What is the best way to drink bourbon?
However you like it! But if you’re truly trying to understand the whiskey and examine its nuances, well then I have some suggestions. First, inspect it visually. Color, viscosity, clarity, these are all clues to how the whiskey was made, how much alcohol is present, how long it was aged and in what kinds of casks.
Then, “nose” it. That is, smell it, but do so with care as you can overwhelm your olfactory system with alcohol vapor if you aren’t careful. As odd as it might feel at first, I advise people to keep their mouths open when nosing.
Then, I like to encourage people to sample the whiskey in three sips. With your first, just take a sip and swallow. Don’t think too much about it. That’s priming your palate. Now with your second sip, you can roll it around on your palate, chew on it, consider its texture, taste it with your cheeks and roof of your mouth. Close your eyes. Swoon if the whiskey is swoon-worthy.
And finally, add a drop or two of water and after nosing again, take that third sip to see how the whiskey changes. We don’t chill-filter Hudson so it is rich with fatty acids and proteins and oils which will “bloom” in the glass with a little water, unleashing new and delightful aromas and flavors. Once you’re done with that ritual and you feel you understand your new companion, splash some into a rocks glass with ice, make a cocktail with it, or continue to sip it neat or with just a drop of water. It’s your whiskey, enjoy it!
What is the best way to serve bourbon?
A tulip-shaped nosing glass is great for carefully examining a bourbon but I’ve enjoyed some truly stunning whiskeys in a red plastic cup when a perfect vessel was elusive. And personally, if I want whiskey chilled then I probably also want it diluted a bit. No need for whiskey stones.[caption id="attachment_75021" align="aligncenter" width="440"] Image courtesy of Amazon[/caption]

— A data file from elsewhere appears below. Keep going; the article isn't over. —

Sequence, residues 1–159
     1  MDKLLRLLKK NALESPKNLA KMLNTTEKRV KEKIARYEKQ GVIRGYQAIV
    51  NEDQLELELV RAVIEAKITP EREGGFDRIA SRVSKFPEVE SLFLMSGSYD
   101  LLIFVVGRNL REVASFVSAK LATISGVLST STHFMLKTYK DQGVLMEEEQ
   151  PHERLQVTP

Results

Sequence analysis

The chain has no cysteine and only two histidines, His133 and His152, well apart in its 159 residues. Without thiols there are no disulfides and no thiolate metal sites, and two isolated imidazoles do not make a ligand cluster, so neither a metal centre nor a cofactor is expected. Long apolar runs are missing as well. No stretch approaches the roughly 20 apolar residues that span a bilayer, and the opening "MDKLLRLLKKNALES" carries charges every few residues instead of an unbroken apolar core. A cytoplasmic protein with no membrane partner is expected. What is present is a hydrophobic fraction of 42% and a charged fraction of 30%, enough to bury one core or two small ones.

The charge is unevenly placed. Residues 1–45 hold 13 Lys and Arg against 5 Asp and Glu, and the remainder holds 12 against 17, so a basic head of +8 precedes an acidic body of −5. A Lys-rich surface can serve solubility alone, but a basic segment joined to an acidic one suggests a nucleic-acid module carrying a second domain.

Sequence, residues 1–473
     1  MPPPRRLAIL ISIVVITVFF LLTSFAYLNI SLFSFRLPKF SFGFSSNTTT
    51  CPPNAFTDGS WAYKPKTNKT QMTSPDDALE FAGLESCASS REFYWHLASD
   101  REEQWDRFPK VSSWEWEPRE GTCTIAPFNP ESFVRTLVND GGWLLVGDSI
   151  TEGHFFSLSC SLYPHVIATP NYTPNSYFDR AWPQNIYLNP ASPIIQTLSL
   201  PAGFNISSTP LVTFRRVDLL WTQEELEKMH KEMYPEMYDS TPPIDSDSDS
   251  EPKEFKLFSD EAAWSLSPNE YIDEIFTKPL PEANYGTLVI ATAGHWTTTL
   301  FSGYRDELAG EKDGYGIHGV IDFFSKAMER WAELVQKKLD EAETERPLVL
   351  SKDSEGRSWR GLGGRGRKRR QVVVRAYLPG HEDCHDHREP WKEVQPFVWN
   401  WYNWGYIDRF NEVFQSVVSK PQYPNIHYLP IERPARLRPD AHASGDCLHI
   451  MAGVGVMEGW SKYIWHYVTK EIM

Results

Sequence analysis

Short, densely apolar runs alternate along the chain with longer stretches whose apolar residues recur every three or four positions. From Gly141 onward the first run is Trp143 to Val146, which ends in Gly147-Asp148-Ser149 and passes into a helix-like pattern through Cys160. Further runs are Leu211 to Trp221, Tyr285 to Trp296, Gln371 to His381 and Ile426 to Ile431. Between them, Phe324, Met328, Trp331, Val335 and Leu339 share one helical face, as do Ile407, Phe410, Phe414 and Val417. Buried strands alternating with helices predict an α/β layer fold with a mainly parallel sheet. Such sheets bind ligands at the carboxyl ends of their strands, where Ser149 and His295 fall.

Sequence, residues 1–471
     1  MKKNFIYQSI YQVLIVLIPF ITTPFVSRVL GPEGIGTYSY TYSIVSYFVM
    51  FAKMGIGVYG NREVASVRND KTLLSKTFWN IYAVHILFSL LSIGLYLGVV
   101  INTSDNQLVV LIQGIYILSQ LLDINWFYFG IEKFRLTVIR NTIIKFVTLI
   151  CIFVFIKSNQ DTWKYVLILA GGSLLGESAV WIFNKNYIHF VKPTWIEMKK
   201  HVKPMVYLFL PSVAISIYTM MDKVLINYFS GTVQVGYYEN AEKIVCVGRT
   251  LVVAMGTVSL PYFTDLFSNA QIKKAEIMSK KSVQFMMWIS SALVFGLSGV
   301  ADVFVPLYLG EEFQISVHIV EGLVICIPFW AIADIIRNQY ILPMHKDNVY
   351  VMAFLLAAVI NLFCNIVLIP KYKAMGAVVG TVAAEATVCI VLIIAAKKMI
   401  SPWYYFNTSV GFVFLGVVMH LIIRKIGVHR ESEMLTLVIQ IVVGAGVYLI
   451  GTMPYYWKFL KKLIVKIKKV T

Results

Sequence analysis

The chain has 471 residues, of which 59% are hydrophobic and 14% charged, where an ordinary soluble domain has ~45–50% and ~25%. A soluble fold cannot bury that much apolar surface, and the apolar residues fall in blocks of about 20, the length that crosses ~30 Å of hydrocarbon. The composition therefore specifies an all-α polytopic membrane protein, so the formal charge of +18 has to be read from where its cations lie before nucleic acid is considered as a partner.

But truly, my only rule is that there are no rules when it comes to enjoying a whiskey and you’re the boss. That being said, I try to be a good student and gracious guest so I will always to defer to the person serving me a whiskey. If she insists I sip it neat in a snifter with exactly one pipette of room-temperature reverse-osmosis filtered water, well, that’s how I’m going to drink it in her company.
What are some good foods to pair with bourbon?
Fatty food generally pairs well with bourbon, or any spirit for that matter, as the oils serve as flavor vectors. But anything very spicy, bitter, or garlicky will likely overwhelm the flavors in the whisky.
All that said, don’t try to perfectly match flavors; a vanilla-caramel dessert with a bourbon might be intuitive, and may in fact be delicious. But more rewarding is bringing out the subtle pepper and spearmint notes in a rye whiskey by enjoying it with… a dill pickle.
I must say I’m a little bored pairing bourbon with beef, burgers, bacon, barbecue, etc. I’d rather enjoy roasted veggies, dark chocolate, pistachios and hazelnuts, pears and peaches and various dried fruits, sourdough and aged cheddar, but really, the sky’s the limit.
Why do you think bourbon’s popularity has lasted all these years?
While whiskey has been around a long time, it’s probably more popular today than ever before, and we are in the midst of an unprecedented bourbon boom. Today, people want to enjoy real, authentic products they can trust. And the production of bourbon, as one example, is governed by strict rules that forbid the addition of artificial colors and flavors, for instance. Alongside the incredible quality of liquid flowing from American distilleries is a fascinating heritage, abundant history, and a new generation of distillers like Hudson Whiskey co-founder Ralph Erenzo who are reviving lost traditions while innovating with classic American ingenuity and gumption.
That’s inspiring to a new generation of drinkers who are helping to drive the interest in American whiskey, in particular, but also whiskey in general. And that suggests a very bright future not just for the folks making great whiskey, but for those of us who love it as well.